Japanese culinary culture has always been well-received in “The City of Light”, and Hatanaka is increasingly aware of this. “It was always said that Westerners were not accustomed to eating raw fish, but in our restaurant, they order our sushi or our sashimi assortment far more frequently than Japanese customers. The word wagyu is now synonymous with excep-tional meat all over Europe, and for tuna, the term toro is gaining popularity. On the French menu, I leave these terms in Japanese to pique their curiosity and whet their appetites. The French are open-minded; they even try breaded oysters, one of the favourite dishes in Japan, but still relatively unknown in France!”

Health benefits appreciated by young people

Kazuki Hatamata has also noticed a significant change in the eating habits of younger people. “Japanese cuisine is known to be healthy, and that’s undoubtedly why the number of health-conscious patrons is on the rise: vegetarians, flexitarians, vegans, gluten-free... We aim to satisfy them as much as possible by offering them a variety of vegetable dishes and gluten-free soy sauce imported specially from Japan. In fact, all our condiments come from Japan, starting with soy sauce, miso (fermented soya bean paste), but also mirin (rice wine) and other Japanese spices. Of course, this comes at a cost, but I believe that condiments are the foundation of all dishes. And above all, we want to replicate the taste of Japan as much as possible, even though we’re in Paris.”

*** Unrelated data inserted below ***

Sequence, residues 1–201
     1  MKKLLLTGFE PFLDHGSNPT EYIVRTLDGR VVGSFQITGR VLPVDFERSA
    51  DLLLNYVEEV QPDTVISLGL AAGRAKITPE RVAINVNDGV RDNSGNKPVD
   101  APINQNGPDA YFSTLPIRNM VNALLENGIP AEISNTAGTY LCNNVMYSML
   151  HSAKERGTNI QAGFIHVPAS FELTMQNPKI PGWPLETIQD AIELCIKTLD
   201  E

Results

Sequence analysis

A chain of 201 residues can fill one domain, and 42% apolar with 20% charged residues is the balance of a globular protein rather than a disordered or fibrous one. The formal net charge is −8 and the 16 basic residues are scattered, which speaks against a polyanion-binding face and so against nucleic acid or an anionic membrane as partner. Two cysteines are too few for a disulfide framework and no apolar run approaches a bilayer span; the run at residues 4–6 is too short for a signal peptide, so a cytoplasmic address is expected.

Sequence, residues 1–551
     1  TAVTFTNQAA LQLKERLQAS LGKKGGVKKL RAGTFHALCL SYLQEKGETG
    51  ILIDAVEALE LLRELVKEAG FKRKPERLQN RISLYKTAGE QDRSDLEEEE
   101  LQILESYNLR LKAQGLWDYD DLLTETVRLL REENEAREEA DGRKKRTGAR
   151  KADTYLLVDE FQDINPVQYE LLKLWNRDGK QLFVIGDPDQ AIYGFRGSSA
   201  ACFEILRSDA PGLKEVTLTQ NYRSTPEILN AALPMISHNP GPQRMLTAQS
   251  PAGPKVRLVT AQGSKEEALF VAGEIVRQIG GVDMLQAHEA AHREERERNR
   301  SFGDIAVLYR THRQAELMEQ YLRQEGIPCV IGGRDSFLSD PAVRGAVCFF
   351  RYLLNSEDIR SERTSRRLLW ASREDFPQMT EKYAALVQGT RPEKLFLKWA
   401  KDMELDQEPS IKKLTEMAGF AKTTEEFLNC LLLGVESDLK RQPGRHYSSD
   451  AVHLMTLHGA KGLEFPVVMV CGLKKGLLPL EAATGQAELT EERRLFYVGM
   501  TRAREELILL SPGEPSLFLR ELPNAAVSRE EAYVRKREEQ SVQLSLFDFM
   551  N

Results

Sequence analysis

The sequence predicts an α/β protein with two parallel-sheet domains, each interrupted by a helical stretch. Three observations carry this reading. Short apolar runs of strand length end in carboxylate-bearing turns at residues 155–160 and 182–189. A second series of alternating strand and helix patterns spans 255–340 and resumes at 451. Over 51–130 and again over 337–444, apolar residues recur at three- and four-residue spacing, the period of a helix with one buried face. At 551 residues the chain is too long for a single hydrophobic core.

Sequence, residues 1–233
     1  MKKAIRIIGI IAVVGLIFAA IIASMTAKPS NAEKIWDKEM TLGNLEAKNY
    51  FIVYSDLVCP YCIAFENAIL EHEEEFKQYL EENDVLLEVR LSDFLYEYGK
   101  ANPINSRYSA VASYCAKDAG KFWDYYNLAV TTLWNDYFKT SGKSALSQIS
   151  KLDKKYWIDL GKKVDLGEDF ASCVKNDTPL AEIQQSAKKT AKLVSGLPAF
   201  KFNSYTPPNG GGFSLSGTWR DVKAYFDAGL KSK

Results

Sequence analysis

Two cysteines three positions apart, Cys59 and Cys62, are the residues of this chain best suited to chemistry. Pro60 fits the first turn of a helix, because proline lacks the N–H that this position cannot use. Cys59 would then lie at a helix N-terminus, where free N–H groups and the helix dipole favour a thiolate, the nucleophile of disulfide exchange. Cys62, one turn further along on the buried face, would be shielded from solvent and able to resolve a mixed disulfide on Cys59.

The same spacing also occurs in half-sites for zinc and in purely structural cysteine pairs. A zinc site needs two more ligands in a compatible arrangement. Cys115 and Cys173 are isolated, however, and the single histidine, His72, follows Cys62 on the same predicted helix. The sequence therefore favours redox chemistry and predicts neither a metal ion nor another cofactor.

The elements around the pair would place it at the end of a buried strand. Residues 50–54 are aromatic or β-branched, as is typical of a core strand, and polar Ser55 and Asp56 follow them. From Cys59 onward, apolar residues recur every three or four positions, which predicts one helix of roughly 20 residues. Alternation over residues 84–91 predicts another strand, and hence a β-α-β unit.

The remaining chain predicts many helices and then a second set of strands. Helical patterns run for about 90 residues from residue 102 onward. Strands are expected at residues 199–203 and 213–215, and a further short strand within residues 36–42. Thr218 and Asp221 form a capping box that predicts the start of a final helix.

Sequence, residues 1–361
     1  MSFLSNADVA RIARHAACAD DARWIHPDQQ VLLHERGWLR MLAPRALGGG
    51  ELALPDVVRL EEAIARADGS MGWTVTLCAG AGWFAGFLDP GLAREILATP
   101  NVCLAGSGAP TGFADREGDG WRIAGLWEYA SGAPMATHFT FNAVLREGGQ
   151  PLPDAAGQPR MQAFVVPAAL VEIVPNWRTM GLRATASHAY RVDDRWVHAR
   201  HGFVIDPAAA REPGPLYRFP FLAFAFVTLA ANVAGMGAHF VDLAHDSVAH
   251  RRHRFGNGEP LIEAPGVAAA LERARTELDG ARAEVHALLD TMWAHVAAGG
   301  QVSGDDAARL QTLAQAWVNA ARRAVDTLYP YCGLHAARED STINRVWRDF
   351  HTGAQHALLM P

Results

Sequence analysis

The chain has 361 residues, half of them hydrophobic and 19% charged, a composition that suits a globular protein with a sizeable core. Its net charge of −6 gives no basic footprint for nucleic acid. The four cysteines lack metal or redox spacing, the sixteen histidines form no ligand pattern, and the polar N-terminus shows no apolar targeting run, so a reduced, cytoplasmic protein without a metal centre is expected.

Originality, a challenge

This doesn’t mean, however, that the establishment on Rue de l'Échelle simply copies tradi-tional dishes. Among its specialties, ZEN's takoyaki (ball-shaped snack) for example, is pre-pared with potatoes instead of flour, making it crunchier. The pork croquettes with Comté cheese in red miso sauce and mustard, another house specialty, are also very popular. Des-serts with a Western twist and traditional sweets are also homemade, which is rare among Japanese restaurateurs who usually source them from independent Japanese pastry chefs. “We recruit half of our Japanese chefs from Japan; they must have solid professional expe-rience, which allows us to guarantee a wide selection of dishes and desserts to our custom-ers.”

Journey into unknown culinary lands

These numerous details are tangible proof of all the attention that the owner, Kazuki Hata-mata, pays to his customers, both locals and those who travel from far and wide. And per-haps that’s the key to ZEN's success. With a genuine spirit of hospitality, he invites everyone to discover new facets of Japanese cuisine that are still relatively unknown to the French. “Strong and easy-to-understand flavours, like that of teriyaki sauce, are not necessarily rep-resentative of Japanese cuisine. But true enthusiasts are increasingly seeking authentic products. The growing interest in a dish such as chawanmushi, a savoury egg custard deli-cately flavoured with dashi (stock) is evidence of this. I’d like to continue contributing to a deeper understanding of our culinary culture,” concludes Hatamata.